The strength of Amarlab comes from its ability to collect samples from customers' homes and offices cost-efficiently while maintaining the exacting quality. Many hospitals and labs do offer home collection services for emergency cases but doing it at scale is often infeasible for most labs and hospitals. Many are not equipped to do it at scale and for others, it is not a profitable thing to do. AmarLab has built processes and systems to provide home collection services. This has made it an ideal ally for the hospitals and labs that want to provide at-home collection services but don’t have the proper setup. 

Now apart from being a partner of Amarlab on its platforms, many hospitals and labs are outsourcing their entire home collection delivery to Amarlab opening a new door of opportunity for the company. 

Founded in 2017, the company has experienced excellent growth within a short period. We previously featured Amarlab several times. Like every other digital service, the coronavirus pandemic has changed the digital healthcare landscape in Bangladesh. Owing to the shifts in the market and a relentless focus on growth, Amarlab is a different company today. In the last one year, the company has seen 6X growth across all important metrics, raised half a million in pre-seed investment, and expanded its operations in two cities outside Dhaka. The company now looks for accelerated growth.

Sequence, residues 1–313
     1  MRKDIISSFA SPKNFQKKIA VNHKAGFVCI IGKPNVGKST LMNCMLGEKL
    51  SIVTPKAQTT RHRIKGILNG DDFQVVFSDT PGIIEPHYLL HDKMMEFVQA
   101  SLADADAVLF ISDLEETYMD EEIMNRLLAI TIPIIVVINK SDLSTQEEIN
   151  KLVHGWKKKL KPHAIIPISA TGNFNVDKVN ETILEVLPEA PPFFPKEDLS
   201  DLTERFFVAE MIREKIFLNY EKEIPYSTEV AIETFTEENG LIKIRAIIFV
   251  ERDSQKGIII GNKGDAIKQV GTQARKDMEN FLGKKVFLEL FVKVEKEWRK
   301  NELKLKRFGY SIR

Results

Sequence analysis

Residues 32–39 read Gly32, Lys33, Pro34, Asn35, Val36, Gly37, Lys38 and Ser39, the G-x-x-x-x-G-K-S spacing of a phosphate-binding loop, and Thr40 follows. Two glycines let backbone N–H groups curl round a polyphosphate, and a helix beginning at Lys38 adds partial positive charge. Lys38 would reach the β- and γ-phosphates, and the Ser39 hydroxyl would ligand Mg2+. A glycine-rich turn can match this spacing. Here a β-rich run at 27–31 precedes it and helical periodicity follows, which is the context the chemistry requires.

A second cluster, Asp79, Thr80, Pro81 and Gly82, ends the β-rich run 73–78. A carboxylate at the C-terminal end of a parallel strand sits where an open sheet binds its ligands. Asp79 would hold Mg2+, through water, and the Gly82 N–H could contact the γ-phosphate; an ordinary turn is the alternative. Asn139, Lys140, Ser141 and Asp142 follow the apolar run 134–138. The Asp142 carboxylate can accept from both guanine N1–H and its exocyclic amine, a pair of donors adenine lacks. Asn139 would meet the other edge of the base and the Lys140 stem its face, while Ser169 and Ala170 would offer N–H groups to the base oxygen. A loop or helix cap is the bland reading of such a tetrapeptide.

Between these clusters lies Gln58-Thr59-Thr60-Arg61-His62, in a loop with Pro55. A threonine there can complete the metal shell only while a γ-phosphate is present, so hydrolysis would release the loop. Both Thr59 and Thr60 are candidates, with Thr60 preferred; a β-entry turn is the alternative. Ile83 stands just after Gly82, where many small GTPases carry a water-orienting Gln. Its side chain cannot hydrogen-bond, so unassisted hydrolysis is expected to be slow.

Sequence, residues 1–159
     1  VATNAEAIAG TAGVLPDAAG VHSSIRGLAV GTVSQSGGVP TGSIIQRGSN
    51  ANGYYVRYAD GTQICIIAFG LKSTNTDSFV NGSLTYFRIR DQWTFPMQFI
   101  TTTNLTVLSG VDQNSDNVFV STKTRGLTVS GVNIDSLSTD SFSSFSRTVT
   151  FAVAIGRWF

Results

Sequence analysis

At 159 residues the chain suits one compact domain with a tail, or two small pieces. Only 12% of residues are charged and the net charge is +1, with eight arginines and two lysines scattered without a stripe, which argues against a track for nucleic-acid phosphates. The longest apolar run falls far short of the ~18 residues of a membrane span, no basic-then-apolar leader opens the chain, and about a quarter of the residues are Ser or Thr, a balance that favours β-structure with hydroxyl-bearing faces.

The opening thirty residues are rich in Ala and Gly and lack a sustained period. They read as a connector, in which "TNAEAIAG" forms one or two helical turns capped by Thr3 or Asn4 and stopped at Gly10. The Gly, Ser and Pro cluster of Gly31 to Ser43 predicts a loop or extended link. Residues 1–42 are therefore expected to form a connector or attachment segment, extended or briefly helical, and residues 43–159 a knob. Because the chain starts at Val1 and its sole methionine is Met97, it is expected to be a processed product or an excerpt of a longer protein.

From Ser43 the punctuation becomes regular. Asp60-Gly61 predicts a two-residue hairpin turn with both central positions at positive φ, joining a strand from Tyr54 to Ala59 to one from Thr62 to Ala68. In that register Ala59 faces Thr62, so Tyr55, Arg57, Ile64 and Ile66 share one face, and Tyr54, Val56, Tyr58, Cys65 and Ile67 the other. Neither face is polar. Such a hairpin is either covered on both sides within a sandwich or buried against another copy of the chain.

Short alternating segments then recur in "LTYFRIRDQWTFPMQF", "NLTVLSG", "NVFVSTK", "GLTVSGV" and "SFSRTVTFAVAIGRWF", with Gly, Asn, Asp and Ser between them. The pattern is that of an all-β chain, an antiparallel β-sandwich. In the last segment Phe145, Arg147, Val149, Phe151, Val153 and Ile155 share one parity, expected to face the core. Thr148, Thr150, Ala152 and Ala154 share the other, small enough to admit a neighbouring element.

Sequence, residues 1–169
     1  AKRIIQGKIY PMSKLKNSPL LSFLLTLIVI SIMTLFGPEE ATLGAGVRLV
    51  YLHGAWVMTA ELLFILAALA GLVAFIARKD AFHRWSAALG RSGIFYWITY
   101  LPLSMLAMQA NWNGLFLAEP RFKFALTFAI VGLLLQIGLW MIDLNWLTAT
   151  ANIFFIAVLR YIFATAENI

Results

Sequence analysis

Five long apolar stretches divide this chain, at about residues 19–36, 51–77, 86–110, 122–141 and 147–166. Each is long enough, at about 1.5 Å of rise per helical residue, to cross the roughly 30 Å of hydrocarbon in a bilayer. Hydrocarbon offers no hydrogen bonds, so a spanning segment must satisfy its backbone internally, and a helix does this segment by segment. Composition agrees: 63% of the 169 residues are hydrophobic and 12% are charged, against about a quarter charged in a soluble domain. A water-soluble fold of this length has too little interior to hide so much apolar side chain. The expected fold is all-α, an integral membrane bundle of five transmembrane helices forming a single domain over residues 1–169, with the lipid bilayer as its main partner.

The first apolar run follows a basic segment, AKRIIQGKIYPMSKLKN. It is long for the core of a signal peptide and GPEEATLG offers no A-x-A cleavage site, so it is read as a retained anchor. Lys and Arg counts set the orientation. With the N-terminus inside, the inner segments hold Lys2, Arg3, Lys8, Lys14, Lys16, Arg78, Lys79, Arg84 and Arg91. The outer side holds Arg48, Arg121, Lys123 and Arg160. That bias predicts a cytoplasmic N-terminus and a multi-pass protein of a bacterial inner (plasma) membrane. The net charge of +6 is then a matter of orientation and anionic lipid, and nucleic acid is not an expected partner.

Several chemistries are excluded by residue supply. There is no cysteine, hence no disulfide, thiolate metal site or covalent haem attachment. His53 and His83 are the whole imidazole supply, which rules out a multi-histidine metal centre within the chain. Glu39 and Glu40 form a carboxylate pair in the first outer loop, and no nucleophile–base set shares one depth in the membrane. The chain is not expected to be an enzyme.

“We serve several thousand patients every month,” says Amarlab CEO Tazin Shadid. “We are working to significantly increase that number. By December, our goal is to get to 500 users daily. This is our north star.” 

The company also plans to expand to other divisional headquarters this year. Apart from its partner lab service, it has introduced a cloud lab model from which it provides bulk and dedicated test services for partners and plans to open a few more cloud labs. 

Amarlab currently operates in three cities including Dhaka, Chittagong, and Savar. 

DocTime’s distinct telemedicine ambition 

DocTime is an online medical consultation service where doctors consult patients on video calls using the DocTime app or website. Simply put, DocTime provides on-demand video telemedicine service with verified and certified doctors in Bangladesh. 

The company has built a platform where customers/patients can book appointments with doctors in real-time, consult through a video call, and get a digital prescription through a built-in system on the platform.